When filmmaker John Hillcoat first heard about Cormac McCathy's apocalyptic novel The Road, his heart sank. A bleak and poetic work, the book concerns a man and his young son, and their journey through a land wasted by some unnamed disaster that has completely destroyed life as we know it. Their trip is full of peril; there is despicable weather, and little food. It's a world of suspicion, despair and flesh eaters.
“I was a big fan of McCarthy's,” Hillcoat tells SBS from his home in Brighton, England. “And that [last man at the end of the world scenario] is not one of my favourite genres by any means…all these cinematic clichés came flooding in.” Anyone familiar with the cheesy extravagances of The Omega Man or even the recent I Am Legend, couldn't blame Hillcoat for worrying. “But then I read the book I found it took you into a really different headspace to those kinds of stories,” he says. “It's actually a very intimate piece.”
An uncommonly serious filmmaker, Hillcoat makes no apology for his vision. Still, in conversation he is modest, very funny and self-deprecating, often making jokes at his own expense. He frequently interrupts himself to make a sardonic and insightful remark about the vagaries and fortunes of trying to make 'difficult' material through the studios at a time when popcorn pictures and franchises appear to be more powerful than ever. He often sounds stunned to find that The Road got made at all.
Producer Nick Wechsler secured the rights to The Road when it was still in manuscript. It later won the Pulitzer prize for fiction in 2007. Hillcoat says what helped clinch the movie deal was that McCarthy was a fan of the director's superb 2005 Australian 'western' The Proposition, written by Nick Cave. “And of course a big influence on us for that film was McCarthy's Blood Meridian.”
Starring Viggo Mortensen as the Father and Australian Kodi Smit-McPhee (Romulus, My Father) as his son, The Road, adapted by Australian Joe Penhall, was shot in the US in early 2008 on a modest budget (by US standards). Still, Hillcoat and his crew including – Australian designer Chris Kennedy (The Proposition) and veteran cinematographer Javier Aguirresarobe (Talk To Her) – have delivered an epic look and big 'feel'. The Road has the visual sweep and grandeur of a mega-budget sci-fi, but without the bombast.
Praised lavishly by many reviewers in the US as a faithful and soulful adaptation of material that is 'difficult' – for its downbeat nature – and 'scary' – for its potential as a Grand Guignol sub-splatter feast of gore and blood, The Road takes its aesthetic cues from Hillcoat's own Proposition. Which is to say, it is 'quiet', intense, and when the violence comes, it does so with a sharp jolt. Hillcoat has found in McCarthy's muse, room to explore his own obsessions and interests. “[The adaptation] was about stripping things back to their essence,” he says. “That's why I like extreme environments – characters under pressure – where your comfort zone is removed.”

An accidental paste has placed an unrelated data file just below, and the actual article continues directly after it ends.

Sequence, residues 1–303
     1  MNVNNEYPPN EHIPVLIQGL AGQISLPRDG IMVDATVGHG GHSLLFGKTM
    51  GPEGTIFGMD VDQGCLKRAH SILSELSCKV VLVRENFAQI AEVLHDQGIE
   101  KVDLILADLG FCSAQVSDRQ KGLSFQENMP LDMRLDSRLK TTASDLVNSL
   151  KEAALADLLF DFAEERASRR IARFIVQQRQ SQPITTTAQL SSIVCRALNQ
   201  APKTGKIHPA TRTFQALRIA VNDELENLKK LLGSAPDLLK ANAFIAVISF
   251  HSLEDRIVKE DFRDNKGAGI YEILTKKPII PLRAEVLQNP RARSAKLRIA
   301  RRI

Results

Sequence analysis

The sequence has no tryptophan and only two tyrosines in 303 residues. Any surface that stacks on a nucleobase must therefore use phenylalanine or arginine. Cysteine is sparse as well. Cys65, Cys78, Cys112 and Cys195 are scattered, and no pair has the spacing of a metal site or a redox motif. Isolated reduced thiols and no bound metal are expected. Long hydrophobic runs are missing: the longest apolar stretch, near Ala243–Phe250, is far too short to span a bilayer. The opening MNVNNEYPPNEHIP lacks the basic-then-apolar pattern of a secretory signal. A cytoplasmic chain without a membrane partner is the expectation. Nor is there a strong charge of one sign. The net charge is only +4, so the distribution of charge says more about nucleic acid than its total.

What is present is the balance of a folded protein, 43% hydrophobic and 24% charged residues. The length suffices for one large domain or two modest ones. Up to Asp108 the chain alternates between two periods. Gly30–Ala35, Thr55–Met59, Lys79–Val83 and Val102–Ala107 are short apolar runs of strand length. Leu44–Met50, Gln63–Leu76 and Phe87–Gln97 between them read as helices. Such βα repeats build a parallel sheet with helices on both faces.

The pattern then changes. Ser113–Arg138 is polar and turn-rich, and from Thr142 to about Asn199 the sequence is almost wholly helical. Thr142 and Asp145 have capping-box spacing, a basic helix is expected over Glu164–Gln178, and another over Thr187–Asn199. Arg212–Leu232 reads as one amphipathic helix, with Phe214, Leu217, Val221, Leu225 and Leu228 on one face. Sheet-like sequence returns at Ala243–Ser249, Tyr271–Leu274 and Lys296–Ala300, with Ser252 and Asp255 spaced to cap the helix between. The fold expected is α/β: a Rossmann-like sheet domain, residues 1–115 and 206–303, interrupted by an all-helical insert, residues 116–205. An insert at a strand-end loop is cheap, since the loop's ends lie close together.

For Hillcoat, McCarthy seemed to tap into the collective anxiety about the state of the environment and the rise of poverty in first world nations. He mentions one of the film's dominant images derived from the book, a shopping trolley packed with possessions being pushed down a roadside, “that's so simple but that's the homeless in every city.” Instead of using art works, and similarly themed films as visual references, Hillcoat and Kennedy used documentaries and photos as key notes; they studied shots of the devastated New Orleans after Katrina wiped it out.
The Road has a hallucinatory feel that seeps through every shot. Partly, this is literal; occasionally we are swept abruptly into the thoughts and memories of the Father as he recalls the life he had with his son and Wife (Charlize Theron) before the global crisis. Sometimes it's hard to distinguish what is 'real' and imagined, and Hillcoat deliberately blurs the definition. It's part of what gives the film its power since the screenplay's dialogue is so sparse and terse. It's like we've tapped the characters dream life: “That [ambiguity] is a tricky one to navigate, especially in America!” he says laughing. Still, there is an austere quality to The Road that's unique. “I like restraint,” he says. “Even with actors, restraint is something that I work on the most.” He says cast like to get demonstrative but when that happens “you knock out interpretation and possibilities. It's more emotive when you hold back and it's a good way to get different layers happening.” Still, Hillcoat graphically depicts the coruscating effects of malnourishment on his heroes, an effect he says, that was achieved by the combined effort of Australian wardrobe designer Margot Wilson and a dedicated cast. “She created over-sized outfits,” he says, “and Kodi is at that skinny age and Viggo avoided exercise and went on a diet of red meat and dark chocolate, which I would not recommend.”
For Hillcoat the core of the film was the father/son love story. He watched The Bicycle Thieves as inspiration. “I felt that [at its core] The Road was all about trying to preserve the last vestige of your humanity when all the odds are against you.”
Right now Hillcoat is preparing a raft of projects, including one, a gangster film, written by Nick Cave, he believes is an advance on The Proposition. Meanwhile, some observers have touted The Road as a contender for Oscar, “but I have my blinkers on about that,” he says. For all its harshness, The Road is an uplifting experience –since love prevails and restores Faith in a place where such ideals, no longer seem possible. For Hillcoat The Road is a hopeful vision: “and I think that's why it will find an audience.”